Atlanta Braves members, owner, employees and baseball commissioner Robert D. Manfred Jr. celebrate a 7-0 win over the Braves over the Astros in Game 6 of the 2021 World Series between the Atlanta Braves and the Houston Astros on Minute Maid. Park on Tuesday, November 2, 2021, in Houston, Texas.
Mary DeCicco | Major League Baseball | Getty Images
With confetti in the air and cigar smoke in his face, CEO of Atlanta Braves Derek Schiller swept the stage when his team celebrated their first World Series title since 1995.
The Braves beat the Houston Astros in six games, ending a 7-0 win in Texas on Tuesday night. The championship parade is set for Friday, and then Schiller, who took over as CEO in 2018, says the franchise will need a short break to recuperate.
“It was surreal and we’re not done yet,” Schiller said in an interview on Thursday. “Our goal from day one — from the moment I joined the organization 18 years ago until I became CEO — has been to win the World Series. Part of what you see is that we have finally reached our goal. “
Soon everything was back to business.
Schiller wants to build a Braves fan base and take advantage of the team’s unique location in a region of the country where there is no geographic competition. He also sees new revenue opportunities in sports games and cryptocurrency that need to be explored. And there is the future of viewing and what will happen to traditional TV revenues when consumers stop bothering.
Atlanta Braves President Derek Schiller speaks at the grand opening of the Mizuno Experience Center on April 10, 2017 in Atlanta, Georgia.
Daniel Shirey | Getty Images
For Schiller, the season, which ended on its highest note, was filled with months of adversity.
Despite winning the East Division of the National League each of the previous three years, the Braves were two-thirds in a bleak position during the season, with a record 55-55 at the beginning of August. In July, they lost star outfielder Ronald Acun Jr, who suffered a cruciate ligament rupture in his right knee after watching their other two day 1 outfielders get injured.
Off the field, the organization found itself embroiled in an ugly political controversy. After Georgia officials passed the restrictive voting law, MLB moved the 2021 All-Star Game to Denver from Atlanta. Some praised the league and others criticized the move, but the move was a setback for Liberty Media, the owner of Braves, who lost significant profits to Truist Park and the Battery Atlanta shopping district.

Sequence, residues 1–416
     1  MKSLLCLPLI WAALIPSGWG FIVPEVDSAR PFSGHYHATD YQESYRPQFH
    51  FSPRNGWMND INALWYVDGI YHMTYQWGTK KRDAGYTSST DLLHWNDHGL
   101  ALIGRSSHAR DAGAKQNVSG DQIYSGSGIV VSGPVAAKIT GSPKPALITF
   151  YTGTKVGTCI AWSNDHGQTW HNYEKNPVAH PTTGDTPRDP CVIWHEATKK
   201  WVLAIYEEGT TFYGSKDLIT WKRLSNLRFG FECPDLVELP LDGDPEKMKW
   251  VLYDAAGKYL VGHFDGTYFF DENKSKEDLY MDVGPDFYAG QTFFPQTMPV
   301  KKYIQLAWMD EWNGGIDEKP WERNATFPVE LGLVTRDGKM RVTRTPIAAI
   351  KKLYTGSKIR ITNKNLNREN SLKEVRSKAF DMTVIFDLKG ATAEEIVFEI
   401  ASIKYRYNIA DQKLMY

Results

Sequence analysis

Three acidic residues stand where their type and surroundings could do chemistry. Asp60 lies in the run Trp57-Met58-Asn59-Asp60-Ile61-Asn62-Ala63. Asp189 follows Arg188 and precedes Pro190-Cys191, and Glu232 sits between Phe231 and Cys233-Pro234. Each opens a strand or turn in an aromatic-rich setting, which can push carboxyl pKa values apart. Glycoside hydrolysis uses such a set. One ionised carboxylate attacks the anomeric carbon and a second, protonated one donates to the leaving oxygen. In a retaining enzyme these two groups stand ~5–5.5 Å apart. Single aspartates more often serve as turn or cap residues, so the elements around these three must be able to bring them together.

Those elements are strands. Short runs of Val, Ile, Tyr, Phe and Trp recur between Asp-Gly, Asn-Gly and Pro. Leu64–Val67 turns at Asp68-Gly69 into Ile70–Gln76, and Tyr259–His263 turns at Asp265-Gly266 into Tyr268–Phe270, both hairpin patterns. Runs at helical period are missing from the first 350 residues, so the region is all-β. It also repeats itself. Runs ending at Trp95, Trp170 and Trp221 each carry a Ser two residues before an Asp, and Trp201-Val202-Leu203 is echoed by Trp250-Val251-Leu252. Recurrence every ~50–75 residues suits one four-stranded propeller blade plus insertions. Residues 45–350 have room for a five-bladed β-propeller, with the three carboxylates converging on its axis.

“We expressed our opinion on this, and there was definitely a feeling of disappointment because we wanted to demonstrate the approximate level of The Battery on the global stage,” said Schiller. “And we’ve been working on it for a couple of years.”
In the end, playing three World Series games and winning two of them was the perfect compromise.
“There is a certain satisfaction that we were able to take over the work done, and we know that although it did not happen then, it happened at the stage of the World Series,” said Schiller.
Schiller’s lineup has grown a lot. During the regular season, first baseman Freddie Freeman hit 31 home runs, while infielders Ozzy Albis and Austin Riley hit 30 and 33, respectively. Pitchers Charlie Morton and Max Freed each recorded 14 wins in seasons. Outfielder Jorge Soler then blew up in the World Series to win the Most Valuable Player award, while reliever Tyler Macek found himself unforgettable from the bullpen.
Liberty, which bought Braves in 2007 for $ 1.5 billion of Time Warner said the Braves were the second most attended this season, attracting 2.3 million fans at a price of $ 6.5 million per game.
In its third quarter income statement on Thursday, Liberty said that Braves earned $ 234 million in revenue compared to $ 216 million in the second quarter and more than doubled from a year earlier, when the pandemic prevented fans from entering the park. Fortunately, the World Series will not appear until the fourth quarter results.
According to Schiller, Braves “exceeded 2021 expectations.” “This was partly the result of planning and execution. The fans reacted in part the same way. “
“We also touched on the emotional attachment side,” Schiller said. He added that Liberty and CEO Greg Maffey are “very happy as we are.”
Delta and Coca-Cola, both headquartered in Atlanta, are the team’s two main sponsors. Schiller said that “a few, but not many” of the sponsorship deals include World Series winning clauses. While he did not provide specific details, Schiller sees an opportunity to use his newfound leverage to renegotiate some of the deals.